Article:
I haven’t had an appropriate opportunity to rant against the most corrupt organization in sports – the NCAA, making billions off the backs of student athletes without a lick of oversight – in quite some time.
Now that we’re in “Playoff Committee” time here in November, it’s time to call out the NCAA for this ridiculous atrocity, designed to do one thing and one thing only – make the NCAA more money, by driving up the “hype” factor of the college football playoff.
You know the playoff that doesn’t begin until January? You know, the playoff that has a constantly-hyped national TV show every week, designed to get fat checks from corporate sponsors? Yeah, that college football playoff!
Can you imagine, even for a minute, if the NFL held a mid-season poll so a group of high profile bureaucrats, administrators and big name celebrities (does Condoleezza Rice really know the in’s and out’s of college football) could vote on who the top teams were? Of course you can’t imagine such a thing, because it’s a ludicrous concept.
If these polls never existed, there would be no clamoring from the public for a poll now. It wouldn’t matter, except this poll still holds weight – at least for the one-loss teams. You know, those same one-loss teams the committee will inevitably have to choose between to set up the upcoming four team playoff?
We certainly know college football polls routinely overrate “name” schools. Look no further than the preseason poll this year that placed “name” schools like Oregon, Auburn, USC and Georgia all in the Top 10. Those teams all have at least three losses now, and none rank in the Top 25.
My key point is about mid-season polls, like the one the playoff committee is releasing every Tuesday from here on out, drawing ratings and building the hype.
The NFL didn’t anoint the Atlanta Falcons as the best team in the league following their 4-0 start. Carolina is 8-0 now, but they’re not getting hyped beyond belief and gifted a trip to the NFC Championship Game (a spot in the NFL’s Final Four). No, the oft-criticized NFL at least gets one key thing right – they let it play out on the field before anointing the championship contenders.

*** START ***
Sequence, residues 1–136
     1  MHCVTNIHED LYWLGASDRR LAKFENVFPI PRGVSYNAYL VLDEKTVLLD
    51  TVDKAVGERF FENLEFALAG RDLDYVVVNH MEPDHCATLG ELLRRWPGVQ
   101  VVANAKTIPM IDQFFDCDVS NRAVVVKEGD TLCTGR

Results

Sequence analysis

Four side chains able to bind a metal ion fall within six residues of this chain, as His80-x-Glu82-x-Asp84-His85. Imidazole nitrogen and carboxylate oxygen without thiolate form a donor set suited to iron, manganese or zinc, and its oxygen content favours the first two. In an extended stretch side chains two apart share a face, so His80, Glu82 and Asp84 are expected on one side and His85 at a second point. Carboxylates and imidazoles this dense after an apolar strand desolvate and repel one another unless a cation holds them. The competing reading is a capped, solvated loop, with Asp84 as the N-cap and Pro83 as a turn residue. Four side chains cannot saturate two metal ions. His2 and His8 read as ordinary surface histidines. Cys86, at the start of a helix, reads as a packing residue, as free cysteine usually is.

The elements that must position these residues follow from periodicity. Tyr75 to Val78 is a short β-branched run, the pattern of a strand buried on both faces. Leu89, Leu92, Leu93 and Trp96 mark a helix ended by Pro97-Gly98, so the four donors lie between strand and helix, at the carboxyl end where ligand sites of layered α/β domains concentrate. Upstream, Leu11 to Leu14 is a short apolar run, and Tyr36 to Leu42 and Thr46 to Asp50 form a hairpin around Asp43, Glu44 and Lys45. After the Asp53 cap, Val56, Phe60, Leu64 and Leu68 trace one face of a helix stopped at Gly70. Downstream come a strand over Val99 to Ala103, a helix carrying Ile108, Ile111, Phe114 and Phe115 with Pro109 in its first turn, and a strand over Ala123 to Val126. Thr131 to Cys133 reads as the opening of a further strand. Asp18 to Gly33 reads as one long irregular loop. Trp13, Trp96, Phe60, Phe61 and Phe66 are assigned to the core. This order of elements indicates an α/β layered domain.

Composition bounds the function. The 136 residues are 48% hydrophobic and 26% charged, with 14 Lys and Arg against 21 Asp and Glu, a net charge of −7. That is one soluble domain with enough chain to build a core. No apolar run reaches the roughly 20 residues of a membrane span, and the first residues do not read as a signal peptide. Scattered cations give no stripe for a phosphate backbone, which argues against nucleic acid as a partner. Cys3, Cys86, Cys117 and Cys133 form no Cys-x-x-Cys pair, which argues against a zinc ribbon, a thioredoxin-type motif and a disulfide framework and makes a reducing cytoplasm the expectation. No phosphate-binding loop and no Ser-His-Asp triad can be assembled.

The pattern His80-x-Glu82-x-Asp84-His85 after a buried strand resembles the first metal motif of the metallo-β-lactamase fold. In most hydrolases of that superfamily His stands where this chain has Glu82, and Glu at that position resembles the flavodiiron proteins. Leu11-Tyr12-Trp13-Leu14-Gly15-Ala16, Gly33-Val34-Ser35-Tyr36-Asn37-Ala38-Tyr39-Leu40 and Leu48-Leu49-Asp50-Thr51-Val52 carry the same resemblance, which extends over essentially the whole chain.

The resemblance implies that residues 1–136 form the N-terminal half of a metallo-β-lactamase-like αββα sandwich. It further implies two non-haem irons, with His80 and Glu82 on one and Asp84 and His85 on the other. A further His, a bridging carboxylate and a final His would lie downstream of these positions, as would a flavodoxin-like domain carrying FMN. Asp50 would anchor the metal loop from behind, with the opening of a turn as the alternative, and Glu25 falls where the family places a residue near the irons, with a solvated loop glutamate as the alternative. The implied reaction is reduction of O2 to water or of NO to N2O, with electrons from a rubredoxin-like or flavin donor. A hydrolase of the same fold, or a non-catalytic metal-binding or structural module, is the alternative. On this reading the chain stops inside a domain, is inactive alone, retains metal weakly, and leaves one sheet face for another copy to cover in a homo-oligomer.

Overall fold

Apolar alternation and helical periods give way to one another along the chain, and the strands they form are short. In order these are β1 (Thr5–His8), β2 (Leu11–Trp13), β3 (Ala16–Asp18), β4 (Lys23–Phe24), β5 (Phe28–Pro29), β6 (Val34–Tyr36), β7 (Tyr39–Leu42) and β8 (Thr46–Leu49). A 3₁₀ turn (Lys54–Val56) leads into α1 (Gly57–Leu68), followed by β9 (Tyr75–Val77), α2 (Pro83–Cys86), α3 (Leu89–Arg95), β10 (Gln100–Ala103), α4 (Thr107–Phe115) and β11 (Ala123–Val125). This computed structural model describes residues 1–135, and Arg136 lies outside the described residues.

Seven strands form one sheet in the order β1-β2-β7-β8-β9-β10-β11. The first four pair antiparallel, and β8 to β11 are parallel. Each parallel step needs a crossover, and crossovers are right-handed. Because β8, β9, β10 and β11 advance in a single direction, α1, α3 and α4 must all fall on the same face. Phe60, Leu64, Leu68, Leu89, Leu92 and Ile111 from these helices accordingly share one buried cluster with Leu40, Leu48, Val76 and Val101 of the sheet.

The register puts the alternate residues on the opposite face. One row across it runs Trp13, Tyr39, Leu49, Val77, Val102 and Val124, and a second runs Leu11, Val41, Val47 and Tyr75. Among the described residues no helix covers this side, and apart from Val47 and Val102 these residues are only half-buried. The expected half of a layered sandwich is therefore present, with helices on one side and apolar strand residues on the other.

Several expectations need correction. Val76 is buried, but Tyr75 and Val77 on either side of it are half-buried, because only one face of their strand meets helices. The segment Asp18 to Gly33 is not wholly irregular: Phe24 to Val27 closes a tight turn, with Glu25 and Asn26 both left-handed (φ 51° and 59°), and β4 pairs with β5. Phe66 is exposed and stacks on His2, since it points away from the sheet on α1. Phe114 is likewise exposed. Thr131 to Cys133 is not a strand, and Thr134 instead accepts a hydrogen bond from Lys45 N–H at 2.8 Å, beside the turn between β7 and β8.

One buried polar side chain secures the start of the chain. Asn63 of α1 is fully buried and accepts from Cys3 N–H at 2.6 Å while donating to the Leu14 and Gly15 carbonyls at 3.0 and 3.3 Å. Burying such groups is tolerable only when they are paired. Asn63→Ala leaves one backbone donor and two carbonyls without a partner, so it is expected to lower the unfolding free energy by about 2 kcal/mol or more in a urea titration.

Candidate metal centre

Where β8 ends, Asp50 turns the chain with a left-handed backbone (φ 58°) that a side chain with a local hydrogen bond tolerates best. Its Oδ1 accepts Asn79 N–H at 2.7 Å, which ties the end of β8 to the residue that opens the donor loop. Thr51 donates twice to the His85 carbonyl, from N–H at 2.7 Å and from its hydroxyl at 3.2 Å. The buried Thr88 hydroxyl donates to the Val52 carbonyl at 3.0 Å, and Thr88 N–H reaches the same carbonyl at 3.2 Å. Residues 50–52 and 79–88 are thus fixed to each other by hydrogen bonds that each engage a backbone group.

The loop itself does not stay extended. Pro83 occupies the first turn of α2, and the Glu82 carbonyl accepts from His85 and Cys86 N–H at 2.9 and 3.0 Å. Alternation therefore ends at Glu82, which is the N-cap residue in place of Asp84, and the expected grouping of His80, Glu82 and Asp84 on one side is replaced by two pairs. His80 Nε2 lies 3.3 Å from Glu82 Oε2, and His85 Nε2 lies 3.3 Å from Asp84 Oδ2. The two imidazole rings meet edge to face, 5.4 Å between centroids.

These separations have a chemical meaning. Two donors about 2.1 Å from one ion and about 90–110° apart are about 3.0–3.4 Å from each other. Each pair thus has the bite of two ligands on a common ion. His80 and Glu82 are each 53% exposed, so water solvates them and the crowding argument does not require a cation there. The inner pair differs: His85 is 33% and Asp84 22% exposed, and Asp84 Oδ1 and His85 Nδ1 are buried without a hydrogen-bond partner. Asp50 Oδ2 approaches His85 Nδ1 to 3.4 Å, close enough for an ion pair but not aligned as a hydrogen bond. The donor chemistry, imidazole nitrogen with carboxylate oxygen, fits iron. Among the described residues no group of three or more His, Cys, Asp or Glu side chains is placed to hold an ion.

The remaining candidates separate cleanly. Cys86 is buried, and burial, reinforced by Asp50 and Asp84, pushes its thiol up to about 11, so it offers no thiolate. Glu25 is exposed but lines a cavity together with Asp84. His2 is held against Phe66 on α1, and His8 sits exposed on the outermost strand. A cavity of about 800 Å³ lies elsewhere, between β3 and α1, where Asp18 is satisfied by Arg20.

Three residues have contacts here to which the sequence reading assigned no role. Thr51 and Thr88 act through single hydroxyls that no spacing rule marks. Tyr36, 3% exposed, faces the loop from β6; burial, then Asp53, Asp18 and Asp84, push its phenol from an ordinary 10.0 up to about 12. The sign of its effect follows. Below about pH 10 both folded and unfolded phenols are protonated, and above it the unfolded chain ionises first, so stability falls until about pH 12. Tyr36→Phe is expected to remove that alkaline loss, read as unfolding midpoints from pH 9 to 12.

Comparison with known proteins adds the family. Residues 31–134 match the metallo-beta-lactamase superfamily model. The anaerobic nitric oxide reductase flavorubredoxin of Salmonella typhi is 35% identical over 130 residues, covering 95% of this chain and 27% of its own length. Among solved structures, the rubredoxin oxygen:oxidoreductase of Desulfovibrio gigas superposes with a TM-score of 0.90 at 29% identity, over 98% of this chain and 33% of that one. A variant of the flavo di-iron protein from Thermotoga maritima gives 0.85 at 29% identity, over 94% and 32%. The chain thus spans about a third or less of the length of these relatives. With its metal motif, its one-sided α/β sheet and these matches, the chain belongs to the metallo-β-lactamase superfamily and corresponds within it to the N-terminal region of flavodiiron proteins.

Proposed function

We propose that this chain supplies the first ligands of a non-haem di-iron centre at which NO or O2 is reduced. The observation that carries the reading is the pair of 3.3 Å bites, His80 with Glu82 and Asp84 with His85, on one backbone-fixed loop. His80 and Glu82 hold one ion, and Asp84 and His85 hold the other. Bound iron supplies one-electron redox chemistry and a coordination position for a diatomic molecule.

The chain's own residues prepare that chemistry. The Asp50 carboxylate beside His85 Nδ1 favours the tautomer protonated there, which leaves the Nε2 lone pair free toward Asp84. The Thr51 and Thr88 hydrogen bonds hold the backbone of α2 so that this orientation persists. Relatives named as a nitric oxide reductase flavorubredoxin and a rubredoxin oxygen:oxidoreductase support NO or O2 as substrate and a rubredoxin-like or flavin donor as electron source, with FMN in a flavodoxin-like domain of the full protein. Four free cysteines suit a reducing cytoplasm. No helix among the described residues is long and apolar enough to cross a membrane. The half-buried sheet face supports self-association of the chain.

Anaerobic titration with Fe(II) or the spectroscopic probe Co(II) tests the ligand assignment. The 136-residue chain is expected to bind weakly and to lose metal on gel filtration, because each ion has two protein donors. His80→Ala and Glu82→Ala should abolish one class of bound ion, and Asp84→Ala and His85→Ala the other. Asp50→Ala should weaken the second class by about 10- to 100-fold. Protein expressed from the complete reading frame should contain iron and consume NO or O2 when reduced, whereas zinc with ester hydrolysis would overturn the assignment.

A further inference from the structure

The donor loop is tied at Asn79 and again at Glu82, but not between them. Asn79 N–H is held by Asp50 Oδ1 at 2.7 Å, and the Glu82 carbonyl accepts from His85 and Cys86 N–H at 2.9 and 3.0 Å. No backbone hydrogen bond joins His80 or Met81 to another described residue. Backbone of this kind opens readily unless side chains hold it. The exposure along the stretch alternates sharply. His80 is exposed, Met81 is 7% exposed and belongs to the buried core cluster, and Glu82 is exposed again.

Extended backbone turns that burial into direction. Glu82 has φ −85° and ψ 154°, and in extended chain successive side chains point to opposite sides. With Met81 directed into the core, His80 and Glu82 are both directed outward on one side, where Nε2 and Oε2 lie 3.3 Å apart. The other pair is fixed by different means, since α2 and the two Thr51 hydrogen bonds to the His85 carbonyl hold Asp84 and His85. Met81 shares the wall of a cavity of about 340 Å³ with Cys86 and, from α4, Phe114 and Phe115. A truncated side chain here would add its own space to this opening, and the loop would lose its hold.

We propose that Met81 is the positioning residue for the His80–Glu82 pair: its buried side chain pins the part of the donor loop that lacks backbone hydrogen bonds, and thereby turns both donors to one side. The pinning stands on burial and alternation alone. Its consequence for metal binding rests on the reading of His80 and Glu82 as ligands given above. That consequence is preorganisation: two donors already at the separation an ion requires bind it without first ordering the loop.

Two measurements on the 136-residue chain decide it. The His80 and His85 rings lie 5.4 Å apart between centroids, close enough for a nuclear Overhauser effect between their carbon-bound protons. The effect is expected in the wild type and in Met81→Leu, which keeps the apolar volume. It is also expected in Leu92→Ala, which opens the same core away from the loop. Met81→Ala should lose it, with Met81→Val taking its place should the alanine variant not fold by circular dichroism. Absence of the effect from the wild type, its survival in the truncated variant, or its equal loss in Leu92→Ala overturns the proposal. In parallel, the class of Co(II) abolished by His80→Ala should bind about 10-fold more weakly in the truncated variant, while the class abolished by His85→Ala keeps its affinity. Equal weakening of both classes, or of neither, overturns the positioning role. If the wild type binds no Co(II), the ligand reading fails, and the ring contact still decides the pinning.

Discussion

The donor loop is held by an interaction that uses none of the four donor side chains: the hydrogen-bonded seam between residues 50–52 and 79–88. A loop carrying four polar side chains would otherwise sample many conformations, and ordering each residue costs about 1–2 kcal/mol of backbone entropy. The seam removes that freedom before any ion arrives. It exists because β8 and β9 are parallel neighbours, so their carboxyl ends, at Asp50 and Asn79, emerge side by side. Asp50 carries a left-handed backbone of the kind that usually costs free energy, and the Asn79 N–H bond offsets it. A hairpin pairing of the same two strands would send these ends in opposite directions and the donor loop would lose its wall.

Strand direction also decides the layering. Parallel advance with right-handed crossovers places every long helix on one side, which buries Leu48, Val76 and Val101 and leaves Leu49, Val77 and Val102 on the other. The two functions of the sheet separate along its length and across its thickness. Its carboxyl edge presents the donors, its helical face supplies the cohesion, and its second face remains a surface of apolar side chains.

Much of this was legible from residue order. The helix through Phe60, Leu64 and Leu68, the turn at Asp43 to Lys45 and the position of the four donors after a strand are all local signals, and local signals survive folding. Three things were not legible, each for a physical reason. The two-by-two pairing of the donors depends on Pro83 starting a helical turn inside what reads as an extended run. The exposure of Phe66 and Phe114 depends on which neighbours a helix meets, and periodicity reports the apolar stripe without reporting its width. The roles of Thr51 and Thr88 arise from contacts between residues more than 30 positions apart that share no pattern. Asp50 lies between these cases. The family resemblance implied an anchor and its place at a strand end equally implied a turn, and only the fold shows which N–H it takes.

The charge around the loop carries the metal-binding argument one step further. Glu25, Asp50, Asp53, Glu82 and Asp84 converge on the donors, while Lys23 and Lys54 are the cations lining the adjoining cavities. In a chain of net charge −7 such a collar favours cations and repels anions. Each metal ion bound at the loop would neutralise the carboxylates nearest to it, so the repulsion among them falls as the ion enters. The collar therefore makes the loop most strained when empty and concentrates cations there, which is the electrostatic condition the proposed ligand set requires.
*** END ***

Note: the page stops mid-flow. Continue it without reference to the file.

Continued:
I have issues with the playoff selection committee as a concept, but in 2015, such things exist. But what drives me bananas are these weekly “Playoff Committee Top 25” shows that do absolutely nothing except to 1) make a lot of money for the NCAA and their broadcast partners and 2) create excuses for why deserving teams get left out of the mix.
Why did the Big 12 get shut out last year? Well, the committee had their top entrants, TCU and Baylor, too low from the start, and they stayed too low at the finish of the process.
If we didn’t have a Playoff Committee Selection Show every week in November, this stuff could play out on the field very nicely. Last week, both Alabama and LSU were ranked among the committee’s top four teams. Gee, wouldn’t that differentiation be easier if the voters had actually waited until the game was played!
We’re going to find out if Oklahoma State is better than Baylor – they play later this month. Is Oklahoma or TCU the more deserving one-loss squad? We’ll find out this coming weekend.
We’re going to know whether Notre Dame or Stanford deserves a spot – if they can win out between now and their regular season finale.
Iowa and Ohio State will face off for an “autobid” if they both remain undefeated heading into the Big 10 Championship Game. Clemson is in great shape for now, but we still won’t know if the Tigers are worthy of their current No. 1 ranking by the committee until they face off against under-rated, under-hyped one-loss North Carolina in the ACC title game – if the two teams keep winning between now and then.
Note that undefeated Oklahoma State was ranked below five different one-loss teams in the initial 2015 ranking, No. 14 overall. They’ll make a jump in the rankings this week after beating TCU, but still likely to be rated below one-loss Alabama, and potentially behind one-loss Notre Dame and one loss Stanford as well.
I approach college football as a moneymaking endeavor, not like the vast majority of “fans” out there. And the committee’s flawed and pointless early ranking offers the opportunity to at least find some positive expectation wagers to make as the pressure ratchets up on these kids down the stretch run while the pointspreads involving the hyped teams rise higher and higher.
Look no further than the pointspread results from last week for a clear example. Clemson beat Florida State at home, but the spread was at least a little bit inflated as the Tigers won by 10 but failed to cover -12.5 (both the opening and closing spread, although it was bet down as low as -10.5 for a stretch).
Ohio State was No. 3 in the inaugural poll, but the Buckeyes continued their season long trend of winning but not covering. Baylor, ranked 6, didn’t cover at Kansas State. Michigan State at 7 lost outright at Nebraska.
TCU at 8, lost outright at Oklahoma State. No. 10 Florida didn’t sniff a cover against Vanderbilt, scoring only nine points in a game they needed to win by more than three TD’s to reward their backers. Even those two Top Ten committee teams that covered (not counting Alabama, they played another Top Ten team in LSU) – Notre Dame and Iowa – had no margin for error, each covering the closing spread by a field goal or less.
Bottom line: Extra hype does not equate with pointspread success on a regular basis.